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The Rise & Fall of Great Powers

by Rachman, Tom

Condition: Fine


New York: The Dial Press. Soft cover. Advance Reader's Edition Language: eng All books are marked down 35% until February 1, 2019. Start stocking up now! . Fine. 2014. 1st Edition..

Born in London and raised in Vancouver, TOM RACHMAN is a graduate of the University of Toronto and the Columbia School of Journalism. He was a foreign correspondent for the Associated Press (stationed in Rome, with assignments taking him to Japan, South Korea, Turkey, and Egypt, among other places). From 2006 to 2008, he worked as an editor at the International Herald Tribune in Paris. He now lives in London.


  • Bookseller: The Book Scouts US (US)
  • Bookseller Inventory #: ABE-13383395198
  • Title: The Rise & Fall of Great Powers
  • Author: Rachman, Tom
  • Format/binding: Soft cover
  • Book condition: Used - Fine
  • Quantity available: 1
  • Edition: 1st Edition.
  • Binding: Paperback
  • Publisher: The Dial Press
  • Place: New York
  • Date published: 2014

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On May 28 2014, CloggieDownunder said:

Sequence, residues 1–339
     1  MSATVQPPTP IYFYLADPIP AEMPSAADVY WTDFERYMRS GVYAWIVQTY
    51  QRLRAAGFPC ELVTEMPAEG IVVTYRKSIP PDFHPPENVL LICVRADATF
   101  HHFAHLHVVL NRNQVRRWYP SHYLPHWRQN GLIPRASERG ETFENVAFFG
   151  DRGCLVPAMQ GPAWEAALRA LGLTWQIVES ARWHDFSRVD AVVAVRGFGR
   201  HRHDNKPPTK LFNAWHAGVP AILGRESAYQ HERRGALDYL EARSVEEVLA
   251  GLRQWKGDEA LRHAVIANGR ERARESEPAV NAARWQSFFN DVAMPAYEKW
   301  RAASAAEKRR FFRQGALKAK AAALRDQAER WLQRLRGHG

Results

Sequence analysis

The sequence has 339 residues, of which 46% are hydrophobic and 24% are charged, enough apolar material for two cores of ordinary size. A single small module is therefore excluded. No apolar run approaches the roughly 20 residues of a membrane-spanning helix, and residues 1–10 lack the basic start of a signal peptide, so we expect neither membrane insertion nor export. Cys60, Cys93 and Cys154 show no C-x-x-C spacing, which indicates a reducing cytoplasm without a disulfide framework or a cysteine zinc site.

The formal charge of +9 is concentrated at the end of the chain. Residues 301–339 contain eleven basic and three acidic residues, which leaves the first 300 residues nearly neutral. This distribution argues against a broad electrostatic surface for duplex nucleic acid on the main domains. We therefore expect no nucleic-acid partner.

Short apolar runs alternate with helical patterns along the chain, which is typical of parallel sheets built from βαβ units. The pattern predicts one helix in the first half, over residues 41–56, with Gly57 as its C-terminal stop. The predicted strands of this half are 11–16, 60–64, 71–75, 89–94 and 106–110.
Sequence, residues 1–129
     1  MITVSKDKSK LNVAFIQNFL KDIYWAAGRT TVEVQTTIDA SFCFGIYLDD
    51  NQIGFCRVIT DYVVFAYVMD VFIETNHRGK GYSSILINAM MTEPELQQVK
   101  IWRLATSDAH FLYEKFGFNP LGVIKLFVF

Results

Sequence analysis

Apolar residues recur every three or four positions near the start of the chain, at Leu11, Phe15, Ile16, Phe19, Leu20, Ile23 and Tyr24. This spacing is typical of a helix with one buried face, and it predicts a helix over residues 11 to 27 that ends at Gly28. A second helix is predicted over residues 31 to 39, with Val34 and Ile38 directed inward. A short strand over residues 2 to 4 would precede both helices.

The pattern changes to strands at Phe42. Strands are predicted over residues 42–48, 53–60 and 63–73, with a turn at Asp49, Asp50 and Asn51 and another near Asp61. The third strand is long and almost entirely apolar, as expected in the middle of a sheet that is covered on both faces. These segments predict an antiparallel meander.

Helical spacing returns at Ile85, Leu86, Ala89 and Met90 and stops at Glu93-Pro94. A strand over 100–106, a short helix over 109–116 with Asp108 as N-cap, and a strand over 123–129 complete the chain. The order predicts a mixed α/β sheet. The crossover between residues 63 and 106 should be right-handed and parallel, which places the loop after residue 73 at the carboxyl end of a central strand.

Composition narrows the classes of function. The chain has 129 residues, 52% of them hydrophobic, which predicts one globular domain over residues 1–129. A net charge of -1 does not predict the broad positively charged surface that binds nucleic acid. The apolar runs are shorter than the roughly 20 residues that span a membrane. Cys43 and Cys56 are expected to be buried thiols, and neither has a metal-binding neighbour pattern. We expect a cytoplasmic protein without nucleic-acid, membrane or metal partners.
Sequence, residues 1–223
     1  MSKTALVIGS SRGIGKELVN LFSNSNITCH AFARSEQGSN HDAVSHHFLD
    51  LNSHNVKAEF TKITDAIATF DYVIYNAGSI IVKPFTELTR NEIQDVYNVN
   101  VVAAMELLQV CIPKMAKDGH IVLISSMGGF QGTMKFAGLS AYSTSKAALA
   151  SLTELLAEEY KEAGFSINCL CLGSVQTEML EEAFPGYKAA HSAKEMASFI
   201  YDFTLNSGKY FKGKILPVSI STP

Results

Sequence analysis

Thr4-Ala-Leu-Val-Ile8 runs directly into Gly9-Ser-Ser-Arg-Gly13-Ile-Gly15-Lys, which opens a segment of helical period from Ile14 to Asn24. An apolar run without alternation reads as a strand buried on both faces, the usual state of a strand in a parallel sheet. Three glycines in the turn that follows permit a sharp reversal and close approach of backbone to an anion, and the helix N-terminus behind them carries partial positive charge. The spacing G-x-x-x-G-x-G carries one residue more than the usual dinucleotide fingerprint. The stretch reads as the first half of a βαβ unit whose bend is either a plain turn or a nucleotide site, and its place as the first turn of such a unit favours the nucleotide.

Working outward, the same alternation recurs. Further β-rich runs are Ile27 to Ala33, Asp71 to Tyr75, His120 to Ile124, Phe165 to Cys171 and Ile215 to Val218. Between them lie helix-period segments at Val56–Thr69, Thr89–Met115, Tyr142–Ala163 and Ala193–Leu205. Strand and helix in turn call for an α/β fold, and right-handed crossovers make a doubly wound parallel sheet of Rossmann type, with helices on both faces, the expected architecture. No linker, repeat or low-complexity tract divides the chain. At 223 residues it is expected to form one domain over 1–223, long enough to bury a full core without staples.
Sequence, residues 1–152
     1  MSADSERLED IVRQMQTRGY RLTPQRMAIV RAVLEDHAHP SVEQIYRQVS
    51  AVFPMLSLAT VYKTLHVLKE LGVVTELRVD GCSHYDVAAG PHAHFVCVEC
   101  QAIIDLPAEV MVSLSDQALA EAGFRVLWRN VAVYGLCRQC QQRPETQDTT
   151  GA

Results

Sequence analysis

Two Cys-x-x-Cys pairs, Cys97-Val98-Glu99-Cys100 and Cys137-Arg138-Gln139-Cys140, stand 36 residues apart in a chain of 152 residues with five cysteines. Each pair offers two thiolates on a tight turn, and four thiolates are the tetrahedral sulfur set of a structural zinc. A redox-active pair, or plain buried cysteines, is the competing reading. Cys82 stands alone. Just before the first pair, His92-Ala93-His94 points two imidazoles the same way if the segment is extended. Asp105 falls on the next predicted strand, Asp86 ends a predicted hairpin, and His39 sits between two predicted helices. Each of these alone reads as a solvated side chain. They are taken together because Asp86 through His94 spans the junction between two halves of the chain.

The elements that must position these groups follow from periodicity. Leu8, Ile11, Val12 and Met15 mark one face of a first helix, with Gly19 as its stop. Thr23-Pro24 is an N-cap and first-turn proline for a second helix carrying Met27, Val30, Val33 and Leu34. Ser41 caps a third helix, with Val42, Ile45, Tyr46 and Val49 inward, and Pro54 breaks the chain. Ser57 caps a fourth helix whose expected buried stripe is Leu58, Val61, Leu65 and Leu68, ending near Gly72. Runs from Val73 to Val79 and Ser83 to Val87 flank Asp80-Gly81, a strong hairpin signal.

"The Rise and Fall of Great Powers is the second full-length novel by British-born journalist and author, Tom Rachman. At the age of thirty, Tooly Zylerberg, a woman with a very unconventional past, buys a bookshop in Caergenog, a small village in Wales. A few years later, as she works in her slowly-failing business, Tooly receives an email that draws her back to New York, back to her past. Tooly’s history is gradually revealed as the narrative switches between three distinct time periods: in 1988, Tooly is in Bangkok with Paul; in 1999/2000, she is living in New York with Humphrey; and 2011 Tooly travels New York and further. The slow reveal makes for plenty of intrigue as the reader wonders about the unusual characters that people Tooly’s life and the transitions between those three significant phases described. Rachman fills his novel with memorable individuals, few of whom turn out to be quite what they first seem: Tooly herself, quirky, funny and highly individual; the emotionally undemonstrative yet deeply caring Paul; the enigmatic and very charismatic Venn; the Russian ex-pat Humphrey, who teaches Tooly to play chess and cements her love of books; the volatile, unpredictable Sarah, full of mercurial moods and melodrama, flitting in and out of Tooly’s life; the steady, stable Duncan, lawyer and music enthusiast; the somewhat eccentric Welshman, Fogg; and the opinionated Emerson, (“a mediocrity in search of an admiration society”). Rachman’s varied cast offer opinions on historic events, current affairs and life in general (“….progress played a trick. It presented the ultimate gluttony of all: those double clicks that turned everyone into rodents pressing buttons for the next sugar pellet. People who used to deride the losers for watching ten hours of TV a day won’t hesitate to click a mouse for longer” and “People did not see the world for what it was, but for what they were”). His descriptive prose is wonderfully evocative (“To the right lay England: quilted countryside seamed by hedgerows and trees, every field fenced in and farmed. To the left was Wales: a tangle of rambling green, flinty farmhouses, forbidding woods” and “The disquiet of others was an undiscovered force alongside gravity that, rather than pulling downwards, emanated outward from its source” and “In the hotel lobby, a brass revolving door swallowed Tooly, spat her into the metropolis, her entrance punctuated by doormen whistling for cabs and the bap-bap-bap of horns”). Readers will laugh out loud (especially at Humphrey’s mangling of idiomatic expressions and his theory of baldness in Russian politics) and be moved to tears as Tooly finally uncovers her past. Certain passages will resonate with lovers of print books: “People kept their books, she thought, not because they were likely to read them again, but because these objects contained the past – the texture of being oneself at a particular place, at a particular time, each volume a piece of one’s intellect” and “Books, he said, are like mushrooms. They grow when you are not looking. Books increase by rule of compound interest: one interest leads to another interest, and this compounds into third. Next, you have so much interest there is no space in closet” and “To disappear into pages was to be blissfully obliterated. For the duration, all that existed was her companions in print; her own life went still”. Rachman touches on diverse topics: print books in the digital age; the idea of meritocracy; the link between vulnerability and courage; the legacy we leave when we die; the power of others to influence our view of life. The cover art of books end-on is cleverly done. This novel is both funny and thought-provoking: it will prompt readers to seek out Rachman’s earlier works to experience more of his unique style. "

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